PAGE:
Re: [EXTERNAL] [RaspberryPi-4-HamRadio] TNC-Pi Now Available


FX.25 vs IL2P
When to move to 9600
Direwolf vs TNC-PI vs NinoTNC

FX.25 vs IL2P
  FX.25 has an advantage over IL2P on multi-station channels because you don’t have to get everybody to update to a FEC equipped TNC to understand FX.25.  IL2P TNCs can receive both AX.25 and IL2P simultaneously, but an IL2P transmission will not be understood by a non IL2P equipped station.   
  IL2P has an advantage over FX.25 in that the packet is smaller.   

  IL2P is ideal for point to point links where both stations can be running compatible equipment.  Since that’s what TARPN does, it makes sense for our NinoTNC to use that. 

If more TNCs and Direwolf would adopt IL2P, we might be better off in the long run, but it is a hard slog to do that.    
IL2P technical documentation is here: 

When to move to 9600
  On the subject of graphs and when to go to 9600, I think the question is backwards.  The TNC isn’t going to be the problem.  It’s the radio or community that I think are the issues.  Would a person take an existing radio and TNC and just updating the TNC to get 9600?   The radio is a much more expensive thing to change out.   A 9600 TNC is really cheap.  Some Direwolf 1200 installations will do 9600 just for the ask.  NinoTNC is only $30-ish so that’s the maximum one would need to pay to update the digital section.  But who has a 9600 capable radio just sitting around doing 1200 for want of a TNC?  That’s a crazy amount of wasted hardware.  We can get a Ft2980 for $140 and that’s a really good receiver, 80watt transmitter, but it’s only 2400 or 1200.  What does it take to get the equivalent 9600 radio (VFO controls with display) and a rational TXDELAY (150mS or less)?   

 On the surplus market there are several 4800 and 9600 capable transceivers for $150 or under.  It takes some amount of interest and tools to make them go, but if there are a dozen potential users of the equipment in your area, it’s easily a worthwhile investment for one of them to master the radios.  

 So, going from 1200 to 9600, from what I can see, is a function of radio and packet-community work, but not really much of a TNC problem, anymore.   It used to be that a 9600 baud TNC was a big deal.  Just six or seven years ago the TNC was going to cost $200 to $400.  Not anymore.  Direwolf and NinoTNC have brought the price down to $15 to $30.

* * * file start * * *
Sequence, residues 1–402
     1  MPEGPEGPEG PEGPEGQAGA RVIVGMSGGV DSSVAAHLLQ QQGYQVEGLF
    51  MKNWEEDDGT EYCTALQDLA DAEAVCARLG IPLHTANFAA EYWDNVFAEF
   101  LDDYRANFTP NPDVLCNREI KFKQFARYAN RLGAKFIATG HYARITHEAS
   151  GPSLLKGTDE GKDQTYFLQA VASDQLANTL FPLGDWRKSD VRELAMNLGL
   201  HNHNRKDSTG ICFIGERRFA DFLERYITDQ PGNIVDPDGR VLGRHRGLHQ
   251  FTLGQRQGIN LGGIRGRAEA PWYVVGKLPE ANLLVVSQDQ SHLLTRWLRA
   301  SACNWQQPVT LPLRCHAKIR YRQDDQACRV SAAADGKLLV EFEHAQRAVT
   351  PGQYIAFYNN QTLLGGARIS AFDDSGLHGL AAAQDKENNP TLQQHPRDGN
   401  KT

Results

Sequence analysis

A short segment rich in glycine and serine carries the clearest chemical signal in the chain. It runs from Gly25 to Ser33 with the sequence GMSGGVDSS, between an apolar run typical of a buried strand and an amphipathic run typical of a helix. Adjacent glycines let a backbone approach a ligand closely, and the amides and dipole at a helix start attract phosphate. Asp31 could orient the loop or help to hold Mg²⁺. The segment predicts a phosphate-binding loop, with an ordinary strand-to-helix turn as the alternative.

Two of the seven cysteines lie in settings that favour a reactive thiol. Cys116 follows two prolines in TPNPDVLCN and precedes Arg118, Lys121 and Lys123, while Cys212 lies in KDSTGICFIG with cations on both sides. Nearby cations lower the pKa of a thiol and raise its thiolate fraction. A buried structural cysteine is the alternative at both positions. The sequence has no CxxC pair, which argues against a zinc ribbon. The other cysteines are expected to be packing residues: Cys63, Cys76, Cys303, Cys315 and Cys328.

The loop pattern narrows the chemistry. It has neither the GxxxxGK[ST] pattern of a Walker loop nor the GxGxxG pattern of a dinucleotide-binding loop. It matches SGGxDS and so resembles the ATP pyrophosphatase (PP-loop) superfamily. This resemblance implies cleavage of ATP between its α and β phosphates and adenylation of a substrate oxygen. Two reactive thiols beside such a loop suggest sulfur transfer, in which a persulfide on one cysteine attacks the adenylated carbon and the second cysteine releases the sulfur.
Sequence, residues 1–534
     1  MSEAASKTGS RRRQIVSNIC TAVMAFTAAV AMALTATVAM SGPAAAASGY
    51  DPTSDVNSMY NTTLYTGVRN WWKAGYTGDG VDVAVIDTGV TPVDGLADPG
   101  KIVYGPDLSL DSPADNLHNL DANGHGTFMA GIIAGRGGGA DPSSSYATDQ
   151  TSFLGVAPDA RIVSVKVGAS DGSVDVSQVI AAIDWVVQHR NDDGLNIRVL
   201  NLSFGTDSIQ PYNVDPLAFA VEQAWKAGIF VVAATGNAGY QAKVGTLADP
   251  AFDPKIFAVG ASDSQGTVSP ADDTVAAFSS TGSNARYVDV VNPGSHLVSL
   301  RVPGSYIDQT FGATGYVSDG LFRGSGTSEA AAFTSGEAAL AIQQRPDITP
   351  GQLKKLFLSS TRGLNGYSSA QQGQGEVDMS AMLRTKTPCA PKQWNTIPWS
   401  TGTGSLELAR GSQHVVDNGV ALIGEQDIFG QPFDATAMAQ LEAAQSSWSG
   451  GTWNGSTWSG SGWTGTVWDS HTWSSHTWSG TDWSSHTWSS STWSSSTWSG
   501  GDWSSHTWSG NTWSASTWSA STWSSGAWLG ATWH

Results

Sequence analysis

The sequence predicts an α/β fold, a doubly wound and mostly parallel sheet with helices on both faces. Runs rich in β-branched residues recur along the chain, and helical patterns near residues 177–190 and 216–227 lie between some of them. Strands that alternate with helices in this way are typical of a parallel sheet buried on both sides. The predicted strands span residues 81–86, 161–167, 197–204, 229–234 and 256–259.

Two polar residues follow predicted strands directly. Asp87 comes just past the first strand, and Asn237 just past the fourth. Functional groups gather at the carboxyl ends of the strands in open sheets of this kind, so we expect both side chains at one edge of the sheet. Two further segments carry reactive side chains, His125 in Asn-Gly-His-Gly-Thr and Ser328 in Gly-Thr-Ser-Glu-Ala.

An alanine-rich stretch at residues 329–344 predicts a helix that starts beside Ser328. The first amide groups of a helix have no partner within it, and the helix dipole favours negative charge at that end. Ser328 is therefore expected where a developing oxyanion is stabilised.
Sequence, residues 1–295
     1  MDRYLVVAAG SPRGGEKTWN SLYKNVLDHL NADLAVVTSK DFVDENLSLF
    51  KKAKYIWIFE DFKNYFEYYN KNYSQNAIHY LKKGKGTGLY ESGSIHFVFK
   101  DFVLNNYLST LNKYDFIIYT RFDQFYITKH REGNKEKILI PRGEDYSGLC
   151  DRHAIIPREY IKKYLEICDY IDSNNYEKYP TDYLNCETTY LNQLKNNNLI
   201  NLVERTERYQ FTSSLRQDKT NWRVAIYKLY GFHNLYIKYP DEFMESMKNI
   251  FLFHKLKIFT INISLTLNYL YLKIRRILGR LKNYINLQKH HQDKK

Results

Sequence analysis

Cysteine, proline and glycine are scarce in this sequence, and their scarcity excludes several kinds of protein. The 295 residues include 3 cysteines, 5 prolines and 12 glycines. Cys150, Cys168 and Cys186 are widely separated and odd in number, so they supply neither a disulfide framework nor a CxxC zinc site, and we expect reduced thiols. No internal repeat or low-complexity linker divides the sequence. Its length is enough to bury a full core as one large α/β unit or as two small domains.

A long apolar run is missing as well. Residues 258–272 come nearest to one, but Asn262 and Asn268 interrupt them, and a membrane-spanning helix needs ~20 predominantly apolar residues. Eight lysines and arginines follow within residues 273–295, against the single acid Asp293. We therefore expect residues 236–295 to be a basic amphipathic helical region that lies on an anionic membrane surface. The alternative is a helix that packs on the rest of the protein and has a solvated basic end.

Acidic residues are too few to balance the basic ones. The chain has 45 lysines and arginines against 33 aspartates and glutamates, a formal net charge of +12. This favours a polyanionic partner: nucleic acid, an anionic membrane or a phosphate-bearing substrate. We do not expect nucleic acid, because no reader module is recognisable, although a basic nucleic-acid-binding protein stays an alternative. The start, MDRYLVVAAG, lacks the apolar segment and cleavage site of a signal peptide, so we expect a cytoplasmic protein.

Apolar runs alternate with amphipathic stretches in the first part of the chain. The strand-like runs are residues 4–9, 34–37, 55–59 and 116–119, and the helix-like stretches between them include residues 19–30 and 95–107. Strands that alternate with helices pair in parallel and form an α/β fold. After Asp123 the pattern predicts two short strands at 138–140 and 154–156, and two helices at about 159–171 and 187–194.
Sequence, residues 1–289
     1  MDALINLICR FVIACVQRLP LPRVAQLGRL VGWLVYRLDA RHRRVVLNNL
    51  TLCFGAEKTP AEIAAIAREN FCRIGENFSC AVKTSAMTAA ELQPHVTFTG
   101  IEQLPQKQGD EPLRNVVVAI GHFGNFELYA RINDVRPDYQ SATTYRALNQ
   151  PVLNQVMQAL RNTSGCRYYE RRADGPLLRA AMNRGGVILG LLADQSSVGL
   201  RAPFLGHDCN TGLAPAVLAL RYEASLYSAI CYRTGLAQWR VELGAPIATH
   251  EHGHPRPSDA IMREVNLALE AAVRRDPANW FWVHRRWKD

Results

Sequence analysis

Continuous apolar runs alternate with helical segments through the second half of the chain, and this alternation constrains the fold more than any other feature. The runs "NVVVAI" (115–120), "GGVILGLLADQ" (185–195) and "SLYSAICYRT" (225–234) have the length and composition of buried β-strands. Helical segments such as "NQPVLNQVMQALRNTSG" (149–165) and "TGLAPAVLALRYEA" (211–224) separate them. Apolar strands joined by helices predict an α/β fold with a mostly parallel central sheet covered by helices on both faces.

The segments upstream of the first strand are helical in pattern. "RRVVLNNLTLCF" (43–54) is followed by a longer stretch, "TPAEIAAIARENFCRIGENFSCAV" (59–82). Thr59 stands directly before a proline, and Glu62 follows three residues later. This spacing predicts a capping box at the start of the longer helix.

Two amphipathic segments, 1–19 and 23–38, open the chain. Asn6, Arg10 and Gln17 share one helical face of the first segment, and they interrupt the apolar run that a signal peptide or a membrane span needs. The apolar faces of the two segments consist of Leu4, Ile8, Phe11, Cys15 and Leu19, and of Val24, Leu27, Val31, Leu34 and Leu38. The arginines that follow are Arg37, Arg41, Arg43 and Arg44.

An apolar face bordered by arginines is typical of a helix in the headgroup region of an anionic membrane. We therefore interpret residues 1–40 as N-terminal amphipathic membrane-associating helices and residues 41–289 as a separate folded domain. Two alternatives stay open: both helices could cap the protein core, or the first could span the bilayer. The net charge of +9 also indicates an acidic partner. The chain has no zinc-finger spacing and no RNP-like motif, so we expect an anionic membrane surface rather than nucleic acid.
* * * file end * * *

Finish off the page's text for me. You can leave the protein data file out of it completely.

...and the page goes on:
Direwolf vs TNC-PI vs NinoTNC
 The choice between Direwolf and NinoTNC is pretty easy too.  It’s funny comparing these two when the conversation started with TNC-PI.  TNC-PI was really only barely comparable to Direwolf or NinoTNC.  It seems sort of like comparing a 2020 Silverado and F150 when the conversation started with a 1969 El Camino.  The TNC-PI was single bit-rate, sensitive to RFI, required TNC-PI specific mounting/cabling for multi-port operation, had a very specific receive signaling level or it received badly, erased it’s configuration if the radio was powered when you turned off the TNC-PI, has insufficient indicators and you can't see both of them at the same time, you can't adjust the transmit level without unstacking the TNC-PIs.  It scored well against $200 TNCs when it first came out.  Now its an $80 apparatus that has become a dinosaur.  It’s only advantage over NinoTNC is that it fits in an older enclosure.  

    If you don’t mind the configuration hassle, and can follow directions well, the Direwolf is pretty easy, especially with the Fe-Pi board.  It has an advantage in that the software platform is huge and fast.  The only hassles with Direwolf beyond that are scaling it up to multiple ports, or trying to make it do things with the wrong audio hardware.  It becomes experimental and annoying.  Go with the recommended audio devices.  It’s something of a home-brewer’s thing.   If you CAN home-brew, and CAN master configuration, there’s almost no point to looking beyond Direwolf for a single-radio ham-station.  Things become somewhat custom at > 1 port.   Direwolf really shines when it comes to other-than VHF/UHF packet.  NinoTNC doesn’t touch many of the things Direwolf can do.  However, NinoTNC has displays that work without having a screen on.  You can determine if your link is working without a laptop or dedicated screen.  
  The TARPN NinoTNC is much easier to use, if it does what you need. It’s ideal for a 1200 to 9600 baud VHF/UHF packet station.  It’s usable with completely off-the-shelf cables.  It’s a USB-KISS TNC kit with a KPC-3-like radio socket.  It’s also compatible with TNC-PI cables.   You can test your radio/TNC interface and adjust levels and delays with just an extra HT and doesn’t even require a computer.